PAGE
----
LEON COUNTY, Fla. (WTXL) — Hurricane Michael is the most powerful storm to ever hit the Florida panhandle and the fourth most powerful in the United States, according to the National Weather Service.
It's been three years since the category five hurricane and people are still dealing with its impacts today.
A harrowing experience for so many people across the Big Bend and South Georgia, a look at how far Leon County has come to make sure people are prepared for future storms:
"We made sure we evacuated we just didn't want to take chances with the kids."
Shara Bryant, her husband, and 3 kids remember Hurricane Michael in 2018 like it was yesterday. They evacuated to Jacksonville before the storm, coming home to no power for one week.
"To actually drive through town and see streets were down because of trees, power lines, so even trying to maneuver getting back home was difficult."
No way to cook or do anything they need…they luckily had somewhere to turn. Down the street was Shara's mother-in-law, who only lost power for two days. Bryant says if they didn't have this, their lives would have looked much different.
"We would have had to evacuate again..."
The Bryant family aren't the only ones who are more prepared after this…the Leon County Emergency Management Agency says the only silver lining to their preparedness for Michael came from two previous storms, Hermine and Irma.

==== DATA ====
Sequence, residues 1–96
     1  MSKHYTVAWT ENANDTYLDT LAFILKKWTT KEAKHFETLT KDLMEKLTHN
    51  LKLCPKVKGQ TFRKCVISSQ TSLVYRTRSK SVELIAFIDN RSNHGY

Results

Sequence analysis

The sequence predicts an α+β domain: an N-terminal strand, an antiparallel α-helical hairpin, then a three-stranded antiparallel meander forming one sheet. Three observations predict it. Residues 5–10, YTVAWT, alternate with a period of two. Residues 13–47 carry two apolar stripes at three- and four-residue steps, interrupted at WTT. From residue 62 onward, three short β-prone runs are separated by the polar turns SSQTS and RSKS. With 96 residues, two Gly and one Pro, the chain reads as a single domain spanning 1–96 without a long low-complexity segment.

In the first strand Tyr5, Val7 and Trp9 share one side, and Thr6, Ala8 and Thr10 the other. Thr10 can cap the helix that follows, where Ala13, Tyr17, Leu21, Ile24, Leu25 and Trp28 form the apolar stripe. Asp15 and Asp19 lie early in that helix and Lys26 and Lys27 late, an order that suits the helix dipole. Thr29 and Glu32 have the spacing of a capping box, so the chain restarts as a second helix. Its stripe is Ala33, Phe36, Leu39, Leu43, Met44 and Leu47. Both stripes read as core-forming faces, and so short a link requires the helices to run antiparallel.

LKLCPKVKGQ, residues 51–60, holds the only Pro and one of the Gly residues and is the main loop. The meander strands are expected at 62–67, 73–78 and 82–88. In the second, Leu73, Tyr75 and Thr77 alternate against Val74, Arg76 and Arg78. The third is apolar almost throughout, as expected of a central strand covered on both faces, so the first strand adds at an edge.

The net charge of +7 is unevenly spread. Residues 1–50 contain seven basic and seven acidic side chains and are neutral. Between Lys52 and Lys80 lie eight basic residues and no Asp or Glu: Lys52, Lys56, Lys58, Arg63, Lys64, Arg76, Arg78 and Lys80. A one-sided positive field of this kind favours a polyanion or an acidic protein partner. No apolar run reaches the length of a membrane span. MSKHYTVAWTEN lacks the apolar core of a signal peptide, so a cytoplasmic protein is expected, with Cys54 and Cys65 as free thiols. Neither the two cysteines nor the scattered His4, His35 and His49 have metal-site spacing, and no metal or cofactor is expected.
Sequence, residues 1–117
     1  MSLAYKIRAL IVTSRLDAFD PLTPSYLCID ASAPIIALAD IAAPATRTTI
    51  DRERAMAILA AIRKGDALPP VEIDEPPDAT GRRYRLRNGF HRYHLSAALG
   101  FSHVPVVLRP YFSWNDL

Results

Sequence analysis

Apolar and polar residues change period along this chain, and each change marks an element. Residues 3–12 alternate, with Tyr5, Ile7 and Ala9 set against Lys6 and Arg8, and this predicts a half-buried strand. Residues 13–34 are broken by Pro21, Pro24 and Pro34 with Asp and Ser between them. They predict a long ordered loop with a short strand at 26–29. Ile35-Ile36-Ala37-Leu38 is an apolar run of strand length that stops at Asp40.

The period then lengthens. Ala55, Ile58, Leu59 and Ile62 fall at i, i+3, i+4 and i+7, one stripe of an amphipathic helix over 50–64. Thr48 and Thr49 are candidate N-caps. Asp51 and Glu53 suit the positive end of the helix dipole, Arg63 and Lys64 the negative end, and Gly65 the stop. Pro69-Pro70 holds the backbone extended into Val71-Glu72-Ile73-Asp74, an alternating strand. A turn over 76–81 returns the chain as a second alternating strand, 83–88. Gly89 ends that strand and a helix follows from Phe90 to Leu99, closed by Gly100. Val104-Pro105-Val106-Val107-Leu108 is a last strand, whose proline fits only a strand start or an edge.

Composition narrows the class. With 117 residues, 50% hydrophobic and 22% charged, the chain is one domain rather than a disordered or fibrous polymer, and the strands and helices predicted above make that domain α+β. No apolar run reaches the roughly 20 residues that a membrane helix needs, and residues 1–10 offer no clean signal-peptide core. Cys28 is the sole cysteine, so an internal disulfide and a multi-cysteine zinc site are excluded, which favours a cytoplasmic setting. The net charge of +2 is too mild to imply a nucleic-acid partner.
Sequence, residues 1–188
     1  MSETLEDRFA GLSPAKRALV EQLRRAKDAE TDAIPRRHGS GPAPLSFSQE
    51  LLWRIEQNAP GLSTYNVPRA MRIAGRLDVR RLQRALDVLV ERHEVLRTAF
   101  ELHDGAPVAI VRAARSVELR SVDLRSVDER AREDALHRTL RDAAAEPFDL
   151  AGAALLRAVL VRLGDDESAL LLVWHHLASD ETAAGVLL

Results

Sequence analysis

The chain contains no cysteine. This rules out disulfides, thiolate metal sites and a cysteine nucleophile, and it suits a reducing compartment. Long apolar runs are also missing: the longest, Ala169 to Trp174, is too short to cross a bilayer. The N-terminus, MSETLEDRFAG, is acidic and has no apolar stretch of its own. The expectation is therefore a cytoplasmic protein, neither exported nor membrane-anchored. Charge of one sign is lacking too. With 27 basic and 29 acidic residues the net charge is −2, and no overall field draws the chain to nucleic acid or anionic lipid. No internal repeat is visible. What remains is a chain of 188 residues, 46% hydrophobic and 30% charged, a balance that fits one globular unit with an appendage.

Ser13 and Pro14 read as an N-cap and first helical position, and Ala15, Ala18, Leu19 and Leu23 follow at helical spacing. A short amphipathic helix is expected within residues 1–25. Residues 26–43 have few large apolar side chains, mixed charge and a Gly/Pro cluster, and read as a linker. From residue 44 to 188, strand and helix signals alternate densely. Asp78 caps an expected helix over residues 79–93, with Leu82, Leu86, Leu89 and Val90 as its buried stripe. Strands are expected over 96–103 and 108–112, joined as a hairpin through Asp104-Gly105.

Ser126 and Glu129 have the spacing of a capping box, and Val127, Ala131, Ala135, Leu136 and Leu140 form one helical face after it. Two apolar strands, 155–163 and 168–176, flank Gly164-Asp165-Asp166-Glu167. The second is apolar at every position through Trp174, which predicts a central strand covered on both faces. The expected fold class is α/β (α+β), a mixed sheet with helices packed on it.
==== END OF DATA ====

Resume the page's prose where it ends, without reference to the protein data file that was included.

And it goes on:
The EMA's role is to get the public what they need to know to stay safe and help the community recover after a storm hits.
Hurricane Michael taught them it's never too early to educate people on all communication platforms about how quickly a storm can form and how dangerous it can be. But people need to do some leg work, too.
Director, Kevin Peters, says people need to be careful not to anchor, or lock into, the first piece of information they hear.
"They miss all of the updates and they can become surprised when the effects start to happen they didn't realize it was such a dramatic change."
Since forecasts from the National Hurricane Center can change during an active storm, Peters says staying on guard during the entire life of the storm will give people a better chance to make the right decision.
"Whether it's strengthening or slowing down you definitely want to be able to stay prepared to take action."
The Leon County EMA says having a disaster plan and supply kit ready is also the first step to be prepared for storms in the future. Securing a generator is also helpful, especially if an individual needs electricity for health reasons.
The Atlantic hurricane season ends on November 30.